Speaking during the committee stage of the Children and Social Work Bill, Lewell-Buck said the government's focus on adoption was "to the detriment of all other forms of care", adding that the time and money the government has spent on adoption is "staggering", pointing to more than 20 policy changes since 2010.
"What the government should be doing is advocating the form of care that is right for every child, not what they believe is right," she said.
Her remarks were made during her failed attempt to convince committee members to abandon a clause in the bill that would require courts and councils to take into account a child's relationship with prospective adopters.
Lewell-Buck says the clause is "a prime example" of the government's "obsession" with adoption, as it would allow the views of prospective adopters to be prioritised over "relatives and other carers".
She added that the clause could also lead to children being prematurely placed with prospective adopters, even before the conclusion of court proceedings.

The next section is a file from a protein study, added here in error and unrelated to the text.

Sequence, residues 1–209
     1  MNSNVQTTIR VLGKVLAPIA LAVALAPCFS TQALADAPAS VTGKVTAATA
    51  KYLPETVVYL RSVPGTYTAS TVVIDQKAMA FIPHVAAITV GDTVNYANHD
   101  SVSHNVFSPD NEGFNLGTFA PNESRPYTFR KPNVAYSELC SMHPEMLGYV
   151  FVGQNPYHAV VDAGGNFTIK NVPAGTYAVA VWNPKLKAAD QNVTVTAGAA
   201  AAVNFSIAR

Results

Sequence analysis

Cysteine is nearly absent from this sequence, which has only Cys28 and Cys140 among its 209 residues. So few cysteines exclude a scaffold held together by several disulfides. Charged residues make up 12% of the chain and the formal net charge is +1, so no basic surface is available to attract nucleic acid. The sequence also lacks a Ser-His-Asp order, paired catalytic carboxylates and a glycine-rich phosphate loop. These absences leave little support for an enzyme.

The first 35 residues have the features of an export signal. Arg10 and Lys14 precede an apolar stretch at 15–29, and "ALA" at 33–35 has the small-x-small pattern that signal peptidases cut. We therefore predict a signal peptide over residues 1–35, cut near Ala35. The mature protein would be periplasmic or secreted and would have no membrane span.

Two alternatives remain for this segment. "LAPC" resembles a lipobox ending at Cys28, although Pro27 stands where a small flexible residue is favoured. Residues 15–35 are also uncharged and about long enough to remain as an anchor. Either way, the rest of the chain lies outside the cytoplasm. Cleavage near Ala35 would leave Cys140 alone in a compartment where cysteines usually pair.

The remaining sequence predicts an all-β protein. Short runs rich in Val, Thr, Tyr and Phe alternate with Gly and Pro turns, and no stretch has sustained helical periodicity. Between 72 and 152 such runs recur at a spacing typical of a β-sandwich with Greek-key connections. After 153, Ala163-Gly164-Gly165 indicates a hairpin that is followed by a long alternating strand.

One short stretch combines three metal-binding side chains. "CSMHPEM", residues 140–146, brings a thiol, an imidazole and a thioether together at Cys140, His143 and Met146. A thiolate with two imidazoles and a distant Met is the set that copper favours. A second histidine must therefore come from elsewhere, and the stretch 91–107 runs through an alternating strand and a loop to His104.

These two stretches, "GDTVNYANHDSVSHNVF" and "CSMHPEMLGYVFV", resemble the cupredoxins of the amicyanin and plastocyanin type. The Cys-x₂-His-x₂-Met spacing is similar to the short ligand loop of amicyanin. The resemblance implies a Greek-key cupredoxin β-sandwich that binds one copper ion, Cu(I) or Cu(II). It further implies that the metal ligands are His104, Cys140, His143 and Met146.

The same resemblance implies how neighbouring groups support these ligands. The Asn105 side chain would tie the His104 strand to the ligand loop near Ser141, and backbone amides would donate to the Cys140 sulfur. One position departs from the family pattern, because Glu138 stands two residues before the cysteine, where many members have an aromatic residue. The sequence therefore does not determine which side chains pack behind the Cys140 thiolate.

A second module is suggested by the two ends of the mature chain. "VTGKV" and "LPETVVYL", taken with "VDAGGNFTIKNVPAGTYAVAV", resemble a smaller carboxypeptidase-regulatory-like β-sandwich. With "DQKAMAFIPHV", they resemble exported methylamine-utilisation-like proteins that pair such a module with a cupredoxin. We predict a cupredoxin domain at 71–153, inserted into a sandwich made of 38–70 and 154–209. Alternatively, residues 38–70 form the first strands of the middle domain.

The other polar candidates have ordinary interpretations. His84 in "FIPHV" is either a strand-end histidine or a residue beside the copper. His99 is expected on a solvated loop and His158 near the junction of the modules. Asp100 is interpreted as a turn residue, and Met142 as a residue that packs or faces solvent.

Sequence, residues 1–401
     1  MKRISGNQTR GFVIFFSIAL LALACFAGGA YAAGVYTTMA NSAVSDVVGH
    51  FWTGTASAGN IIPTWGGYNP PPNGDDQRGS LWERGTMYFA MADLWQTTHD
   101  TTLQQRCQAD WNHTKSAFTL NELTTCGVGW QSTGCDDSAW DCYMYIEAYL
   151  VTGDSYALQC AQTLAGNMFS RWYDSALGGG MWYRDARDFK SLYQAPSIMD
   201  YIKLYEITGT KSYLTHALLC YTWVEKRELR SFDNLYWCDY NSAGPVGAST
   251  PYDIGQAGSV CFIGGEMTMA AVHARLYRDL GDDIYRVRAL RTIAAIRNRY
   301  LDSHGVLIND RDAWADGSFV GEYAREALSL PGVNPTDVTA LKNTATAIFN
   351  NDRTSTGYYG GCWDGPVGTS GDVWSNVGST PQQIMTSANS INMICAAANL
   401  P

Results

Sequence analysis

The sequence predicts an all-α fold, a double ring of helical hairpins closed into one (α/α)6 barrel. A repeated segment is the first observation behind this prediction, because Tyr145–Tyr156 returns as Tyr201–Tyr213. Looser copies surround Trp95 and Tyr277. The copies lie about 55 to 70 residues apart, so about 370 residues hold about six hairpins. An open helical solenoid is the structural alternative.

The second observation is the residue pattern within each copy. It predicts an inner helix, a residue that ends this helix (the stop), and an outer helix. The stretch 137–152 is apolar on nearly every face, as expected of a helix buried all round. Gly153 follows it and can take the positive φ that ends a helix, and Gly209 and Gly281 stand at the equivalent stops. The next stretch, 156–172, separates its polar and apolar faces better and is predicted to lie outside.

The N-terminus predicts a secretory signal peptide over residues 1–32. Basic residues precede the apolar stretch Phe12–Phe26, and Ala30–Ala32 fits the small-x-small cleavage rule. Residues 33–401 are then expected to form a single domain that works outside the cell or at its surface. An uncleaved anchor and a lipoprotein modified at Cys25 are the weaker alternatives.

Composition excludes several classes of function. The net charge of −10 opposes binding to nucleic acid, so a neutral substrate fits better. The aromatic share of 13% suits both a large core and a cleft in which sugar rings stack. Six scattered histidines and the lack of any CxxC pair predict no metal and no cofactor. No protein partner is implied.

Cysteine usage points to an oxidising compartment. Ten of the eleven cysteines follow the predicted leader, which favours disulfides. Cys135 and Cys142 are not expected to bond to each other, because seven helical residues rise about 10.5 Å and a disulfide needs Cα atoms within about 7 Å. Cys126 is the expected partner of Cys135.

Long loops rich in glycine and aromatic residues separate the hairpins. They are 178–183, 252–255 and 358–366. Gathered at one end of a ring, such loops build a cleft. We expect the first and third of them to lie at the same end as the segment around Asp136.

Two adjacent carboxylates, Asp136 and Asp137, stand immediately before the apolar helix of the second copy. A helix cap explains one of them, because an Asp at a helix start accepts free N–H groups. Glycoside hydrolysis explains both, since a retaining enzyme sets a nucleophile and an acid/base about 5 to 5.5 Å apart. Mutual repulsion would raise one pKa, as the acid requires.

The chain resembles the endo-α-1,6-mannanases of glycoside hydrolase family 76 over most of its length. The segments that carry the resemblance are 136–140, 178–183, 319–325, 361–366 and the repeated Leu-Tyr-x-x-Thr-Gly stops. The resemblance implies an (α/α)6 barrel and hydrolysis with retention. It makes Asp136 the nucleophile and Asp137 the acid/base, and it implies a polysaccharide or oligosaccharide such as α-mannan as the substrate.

This, she said, could undermine the child's prospects of going back to birth family or extended family members and friends "who actually love the child and are doing their best to keep that child in their care".
She also argued that the clause could diminish a child's right to a family life, risk the early separation of siblings and inflict "trauma and grief" on family members.
However, her bid to have the clause removed was defeated by eight votes to five by committee members.
Speaking at the committee, children's minister Edward Timpson said the notion that the government "only has eyes for adoption" within children in care policy is "not borne out by the facts".
He said that, in relation to adoption, the government has been trying to tackle the same issues that Tony Blair had attempted to in the 1990s - namely removing barriers to adoption for those where it is the right course and to cut delays to adoption proceedings.
"I don't think it is acceptable that children had to wait 26 months to be adopted," he said.
He added that courts are also already required to "consider the wishes of family members and consider their views".
The committee is yet to discuss the controversial "exemption clause" element of the bill, which would allow councils the chance to opt out of legal requirements around children's social care.
The exemption clause was removed from the draft legislation following a defeat for the government in the House of Lords last month, but the government has vowed to reintroduce it with some modifications.
Further committee stage consideration of the bill is due to take place on 10 January.